Arbery Murder Defense Is Like ‘the Wild West,’ Jury Told
(Bloomberg) -- The three men accused of murdering Ahmaud Arbery last year while the 25-year-old unarmed Black man was running can’t claim self-defense, because they initiated the incident while committing a series of felonies against him, a Georgia prosecutor told a jury.
Just before the panel retired to the jury room to begin its deliberations on Tuesday, Cobb County Assistant District Attorney Linda Dunikoski delivered her rebuttal to the hours of closing statements by the defendants’ lawyers the previous day.
“You can’t claim self-defense if you are starting the confrontation,” Dunikoski told the panel of 11 White jurors and one person of color in Brunswick. “This isn’t the Wild West.”
Her rebuttal came after two weeks of evidence in the racially charged case, including surprise testimony from one of the defendants, Travis McMichael, who fired three blasts from a shotgun in a struggle with Arbery on Feb. 23 of last year after chasing him for five minutes.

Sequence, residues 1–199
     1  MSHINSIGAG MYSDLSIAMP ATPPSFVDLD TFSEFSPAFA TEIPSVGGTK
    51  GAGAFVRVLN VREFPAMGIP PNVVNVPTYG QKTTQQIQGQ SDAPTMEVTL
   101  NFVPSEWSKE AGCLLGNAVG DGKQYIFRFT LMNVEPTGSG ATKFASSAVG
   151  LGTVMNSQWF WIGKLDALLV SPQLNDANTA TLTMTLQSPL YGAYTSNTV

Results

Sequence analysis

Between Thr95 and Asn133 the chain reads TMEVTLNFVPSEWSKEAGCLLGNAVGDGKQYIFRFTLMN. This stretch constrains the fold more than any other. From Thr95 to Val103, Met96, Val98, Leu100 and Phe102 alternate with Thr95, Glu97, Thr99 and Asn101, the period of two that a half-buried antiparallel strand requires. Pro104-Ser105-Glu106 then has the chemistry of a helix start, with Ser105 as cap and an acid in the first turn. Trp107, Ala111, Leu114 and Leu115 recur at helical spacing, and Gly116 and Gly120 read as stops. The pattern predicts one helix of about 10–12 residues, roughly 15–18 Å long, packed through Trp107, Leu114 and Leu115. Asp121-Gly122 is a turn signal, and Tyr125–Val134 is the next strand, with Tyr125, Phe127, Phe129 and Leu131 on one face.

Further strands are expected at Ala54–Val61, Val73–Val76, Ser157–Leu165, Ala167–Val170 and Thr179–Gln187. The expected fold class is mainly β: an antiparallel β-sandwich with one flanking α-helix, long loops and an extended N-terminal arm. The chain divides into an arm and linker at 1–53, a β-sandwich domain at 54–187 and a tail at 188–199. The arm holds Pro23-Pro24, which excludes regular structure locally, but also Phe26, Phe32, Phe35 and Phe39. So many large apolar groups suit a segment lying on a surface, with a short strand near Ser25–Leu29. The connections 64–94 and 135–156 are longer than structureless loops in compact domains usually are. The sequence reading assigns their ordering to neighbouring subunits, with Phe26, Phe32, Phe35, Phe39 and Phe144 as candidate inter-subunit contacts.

The defense argued Arbery was an intruder and a threat to the leafy community of Satilla Shores, repeatedly trespassing on a home under construction, though he never stole or damaged anything. Dunikoski told the jury that the defendants’ decision to confront him with their trucks and a shotgun constituted a string of felonies that made a self-defense argument impossible.
She said the three White men could have simply followed Arbery “at two miles per hour” and waited for the police to arrive if they wanted him to be questioned by law enforcement.
“Do you really believe he had no other choice but to use a shotgun?” she said of McMichael.
The other defendants are McMichael’s father, Greg McMichael, and their neighbor William “Roddie” Bryan, who helped block Arbery with his vehicle. All three pleaded not guilty to charges including felony murder, false imprisonment and aggravated assault with the shotgun and the pickup trucks.
One of the last pieces of evidence Dunikoski referred to in her rebuttal was a call to police by Greg McMichael after Arbery ran past his house that day.
“There’s a Black man running down the street,” he told police.
At the time, Dunikoski said, he had no way of knowing if Arbery had committed any crime and didn’t have a justification to attempt the citizen’s arrest on which the defense case largely rests.
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